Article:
Beginning Monday August 25, the infantry barracks museum will be closed for remodeling and to prepare for a new theater and exhibits. Work is expected to be completed by spring of 2015. The site's movie will be played in the visitor center upon request.
Children's Activities - Overview
Children playing isn't exactly the image one thinks of when picturing a frontier fort, and a frontier fort was not the safest place for children. While no Indian attacks ever took place at Fort Scott, children were still prone to disease, accidents, and the elements.
While not numerous, children were nevertheless an important part of the community at Fort Scott. While at Fort Scott, several officers' wives, the sutler's wife, and laundresses gave birth. As with any children, they needed to be cared for. Work, education, and play were all a part of childrens' lives growing up on the frontier. These pages will explore various activities they were engaged in at Fort Scott.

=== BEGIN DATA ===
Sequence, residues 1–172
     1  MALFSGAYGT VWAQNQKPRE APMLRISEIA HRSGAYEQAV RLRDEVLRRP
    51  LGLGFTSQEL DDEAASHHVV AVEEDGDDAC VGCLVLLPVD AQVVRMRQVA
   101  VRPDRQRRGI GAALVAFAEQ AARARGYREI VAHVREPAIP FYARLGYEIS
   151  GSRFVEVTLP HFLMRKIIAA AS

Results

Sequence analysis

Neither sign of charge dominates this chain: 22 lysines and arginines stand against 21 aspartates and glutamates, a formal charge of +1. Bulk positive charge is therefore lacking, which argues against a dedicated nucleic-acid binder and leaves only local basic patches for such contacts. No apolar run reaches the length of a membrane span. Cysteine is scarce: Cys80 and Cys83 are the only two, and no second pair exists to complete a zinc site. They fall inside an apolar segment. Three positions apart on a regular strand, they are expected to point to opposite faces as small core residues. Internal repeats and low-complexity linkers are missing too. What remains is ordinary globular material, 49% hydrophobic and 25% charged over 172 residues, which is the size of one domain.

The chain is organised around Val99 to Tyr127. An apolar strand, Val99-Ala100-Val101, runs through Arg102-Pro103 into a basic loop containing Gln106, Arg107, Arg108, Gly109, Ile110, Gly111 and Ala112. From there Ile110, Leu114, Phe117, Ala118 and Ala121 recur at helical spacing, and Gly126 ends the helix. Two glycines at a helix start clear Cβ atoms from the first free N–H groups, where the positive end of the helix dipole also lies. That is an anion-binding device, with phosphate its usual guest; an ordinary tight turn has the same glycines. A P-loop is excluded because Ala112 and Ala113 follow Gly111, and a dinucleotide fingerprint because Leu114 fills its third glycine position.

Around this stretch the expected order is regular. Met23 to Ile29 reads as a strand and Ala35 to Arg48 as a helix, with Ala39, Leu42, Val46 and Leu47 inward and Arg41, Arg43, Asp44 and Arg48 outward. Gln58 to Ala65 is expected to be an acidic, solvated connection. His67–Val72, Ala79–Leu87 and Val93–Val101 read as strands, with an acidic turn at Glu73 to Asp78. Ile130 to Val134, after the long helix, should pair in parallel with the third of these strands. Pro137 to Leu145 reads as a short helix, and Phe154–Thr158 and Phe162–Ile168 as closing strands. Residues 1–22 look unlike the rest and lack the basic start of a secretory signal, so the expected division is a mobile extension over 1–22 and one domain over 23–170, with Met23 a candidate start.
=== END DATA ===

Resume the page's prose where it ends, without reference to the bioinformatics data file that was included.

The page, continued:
Children of officers would have stayed in the third floor bedrooms, while children of enlisted men and laundresses would have stayed either in tents or in the non-commissioned officers family quarters. . This is the room where a sergeant or corporal and his wife would have lived with their children. The quarters were not as elaborate as an officer's quarters but at least the family had some privacy. Some children's toys are on display in this room.
The station, however, will be presented outdoors as this room is fairly small and has several museum objects on display.
Did You Know?
Kansas was the first Union state to recruit, muster, train and send African American soldiers into combat during the Civil War. The First Kansas Colored Infantry mustered in at Fort Scott, Kansas on January 13, 1863. The unit compiled a proud combat record during the war.